This 2002 PBS documentary by well known American documentary filmmaker and writer Ric Burns offers an elegant portrait of Ansel Adams – the pioneering photographer and environmentalist whose work made millions of Americans aware of the beauty of their own land and is considered one of the founding fathers of modern photography.
Here are a few words about Adamas from the text which goes along with the documentary:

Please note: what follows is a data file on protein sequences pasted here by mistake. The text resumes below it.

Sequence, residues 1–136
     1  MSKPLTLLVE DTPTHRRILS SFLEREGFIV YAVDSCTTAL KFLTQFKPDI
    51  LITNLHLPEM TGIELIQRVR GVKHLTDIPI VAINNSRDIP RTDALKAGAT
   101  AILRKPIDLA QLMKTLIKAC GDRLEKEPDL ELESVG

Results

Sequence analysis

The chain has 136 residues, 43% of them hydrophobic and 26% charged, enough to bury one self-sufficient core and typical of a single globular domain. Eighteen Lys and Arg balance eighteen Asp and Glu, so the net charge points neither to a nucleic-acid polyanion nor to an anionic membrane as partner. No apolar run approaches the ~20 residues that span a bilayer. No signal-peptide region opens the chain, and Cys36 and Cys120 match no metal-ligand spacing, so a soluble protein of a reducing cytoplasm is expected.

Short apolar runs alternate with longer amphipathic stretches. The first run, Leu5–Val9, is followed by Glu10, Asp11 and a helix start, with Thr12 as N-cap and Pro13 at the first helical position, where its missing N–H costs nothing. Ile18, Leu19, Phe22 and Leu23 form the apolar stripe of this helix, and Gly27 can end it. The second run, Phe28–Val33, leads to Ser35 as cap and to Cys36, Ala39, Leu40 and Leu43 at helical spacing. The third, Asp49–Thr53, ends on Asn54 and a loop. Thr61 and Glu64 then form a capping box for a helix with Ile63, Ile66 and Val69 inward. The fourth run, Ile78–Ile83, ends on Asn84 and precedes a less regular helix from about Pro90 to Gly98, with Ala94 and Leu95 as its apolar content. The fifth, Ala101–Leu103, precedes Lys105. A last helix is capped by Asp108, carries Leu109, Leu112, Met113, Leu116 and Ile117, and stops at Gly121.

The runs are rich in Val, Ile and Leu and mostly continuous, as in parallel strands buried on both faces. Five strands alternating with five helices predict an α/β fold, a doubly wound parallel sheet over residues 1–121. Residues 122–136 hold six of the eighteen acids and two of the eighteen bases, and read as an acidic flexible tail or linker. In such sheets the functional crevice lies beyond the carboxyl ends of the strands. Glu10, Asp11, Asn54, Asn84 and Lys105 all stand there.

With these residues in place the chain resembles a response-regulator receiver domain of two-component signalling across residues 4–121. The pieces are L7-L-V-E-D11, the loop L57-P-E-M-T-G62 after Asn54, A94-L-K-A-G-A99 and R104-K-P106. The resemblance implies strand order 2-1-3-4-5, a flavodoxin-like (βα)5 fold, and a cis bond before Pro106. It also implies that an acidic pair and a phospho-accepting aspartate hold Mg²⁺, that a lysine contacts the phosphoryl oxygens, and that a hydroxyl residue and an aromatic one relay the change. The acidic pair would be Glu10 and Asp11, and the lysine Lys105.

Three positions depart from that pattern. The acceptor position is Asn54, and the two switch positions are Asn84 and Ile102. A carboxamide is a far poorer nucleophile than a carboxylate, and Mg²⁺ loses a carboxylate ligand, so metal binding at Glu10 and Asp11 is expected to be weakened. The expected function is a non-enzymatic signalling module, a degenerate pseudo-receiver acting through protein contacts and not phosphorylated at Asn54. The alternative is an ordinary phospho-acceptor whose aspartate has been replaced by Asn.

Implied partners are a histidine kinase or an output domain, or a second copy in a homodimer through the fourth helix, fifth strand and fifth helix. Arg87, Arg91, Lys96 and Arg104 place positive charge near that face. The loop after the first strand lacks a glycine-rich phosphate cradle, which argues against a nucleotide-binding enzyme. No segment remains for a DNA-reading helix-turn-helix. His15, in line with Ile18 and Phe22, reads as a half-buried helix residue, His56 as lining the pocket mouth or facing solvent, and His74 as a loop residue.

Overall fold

Ansel Adams first encountered the awesome majesty of Yosemite Valley as a teenager in 1916. This youthful awakening to the sublime nature of the wilderness signified the start of Adams’s mission to utilize the power of photography to reveal mankind’s place in the natural world. His work vividly depicted the beauty and fragility of the American earth, the inseparable bond of man and nature and our moral obligation to respect the land for the benefit of future generations. In his later years, Adams was one of the most recognized photographers in the world, eliciting the kind of popular response afforded to very few others in his profession. He unashamedly took advantage of his popularity to raise public awareness of the wilderness and the importance of the environment. As well as charting his dramatic accomplishments as an artist, the film provides intimate glimpses into Adams’s private life, especially his fluctuating courtship of Virginia Best, who would eventually become his wife and mother of his two children. Almost thirty years after his death, Adams’s legacy and influence on American culture remain undiminished.